Sex-change occurred over a wide range of sizes and ages on the four reefs. The comparison of frequency of developmental stages between reefs showed significant variation. The mean size and age observed for each sexual stage seemed to reflect closely the size and age structure of each population. When immature males were pooled with mature males for the sex-ratio calculations, the resulting sex-ratio was not significantly different among reefs. It appears that while the distribution of developmental stages in the populations was different, the same final female: male balance was being achieved. This type of result suggests that for the coral trout, sex-change results from a combination of a developmental process, in which individuals are more susceptible to sex-change as they grow larger and older, and a social process through behaviourally induced stimuli.

Differences in age structure were more obvious than differences in the size structure between closed and open reefs, suggesting that age structure may be far more useful than size structure for comparisons of fishing effects on long lived fishes such as epinepheline serranids. Comparisons of open and closed reefs based solely on mean sizes may fail to detect important differences.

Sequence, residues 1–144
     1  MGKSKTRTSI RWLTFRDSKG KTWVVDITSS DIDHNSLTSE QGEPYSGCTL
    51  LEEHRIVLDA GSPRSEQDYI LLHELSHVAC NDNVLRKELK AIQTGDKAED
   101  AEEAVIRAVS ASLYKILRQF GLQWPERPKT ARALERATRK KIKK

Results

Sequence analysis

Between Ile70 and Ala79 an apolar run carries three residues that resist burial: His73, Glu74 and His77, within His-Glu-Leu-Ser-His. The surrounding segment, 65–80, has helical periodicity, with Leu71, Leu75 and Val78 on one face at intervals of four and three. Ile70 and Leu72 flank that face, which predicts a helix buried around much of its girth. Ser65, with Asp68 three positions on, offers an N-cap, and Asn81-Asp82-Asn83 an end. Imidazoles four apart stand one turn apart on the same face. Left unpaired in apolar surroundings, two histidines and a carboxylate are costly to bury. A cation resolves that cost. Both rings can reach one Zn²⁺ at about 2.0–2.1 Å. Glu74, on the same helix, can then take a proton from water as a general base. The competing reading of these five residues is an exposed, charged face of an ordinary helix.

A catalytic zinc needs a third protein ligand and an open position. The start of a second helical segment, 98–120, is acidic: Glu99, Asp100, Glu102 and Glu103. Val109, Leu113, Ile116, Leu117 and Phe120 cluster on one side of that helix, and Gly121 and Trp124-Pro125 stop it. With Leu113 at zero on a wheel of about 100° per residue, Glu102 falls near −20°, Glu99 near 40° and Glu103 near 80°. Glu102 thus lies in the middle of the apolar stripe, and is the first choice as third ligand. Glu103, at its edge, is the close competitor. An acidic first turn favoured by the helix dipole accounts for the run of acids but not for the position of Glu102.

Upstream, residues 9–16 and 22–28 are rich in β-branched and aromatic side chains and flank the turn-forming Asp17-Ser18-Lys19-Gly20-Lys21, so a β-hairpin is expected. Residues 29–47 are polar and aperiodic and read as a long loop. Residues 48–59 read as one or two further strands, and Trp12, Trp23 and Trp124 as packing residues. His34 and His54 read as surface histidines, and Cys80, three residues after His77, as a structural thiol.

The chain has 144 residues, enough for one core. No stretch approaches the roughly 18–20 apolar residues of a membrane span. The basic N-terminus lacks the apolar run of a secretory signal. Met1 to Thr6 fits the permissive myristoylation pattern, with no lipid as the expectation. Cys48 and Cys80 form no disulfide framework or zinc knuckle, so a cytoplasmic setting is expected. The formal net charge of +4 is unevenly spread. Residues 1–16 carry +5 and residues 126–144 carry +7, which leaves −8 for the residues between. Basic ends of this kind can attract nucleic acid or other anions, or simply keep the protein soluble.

This thesis has demonstrated the existence of annuli in the hard parts of tropical fish. Such age determinations can be carried out relatively cheaply and easily. The advent of routine age-determination may eventually see a trend toward age-based population dynamic studies of tropical reef fish.

Item ID: 24105
Item Type: Thesis (PhD)
Keywords: fish populations; Great Barrier Reef; GBR; growth; marine fishes; North Queensland; Plectropomus
Date Deposited: 13 Dec 2012 11:11
FoR Codes: 06 BIOLOGICAL SCIENCES > 0602 Ecology > 060207 Population Ecology @ 50%
06 BIOLOGICAL SCIENCES > 0602 Ecology > 060205 Marine and Estuarine Ecology (incl Marine Ichthyology) @ 50%
SEO Codes: 96 ENVIRONMENT > 9608 Flora, Fauna and Biodiversity > 960808 Marine Flora, Fauna and Biodiversity @ 100%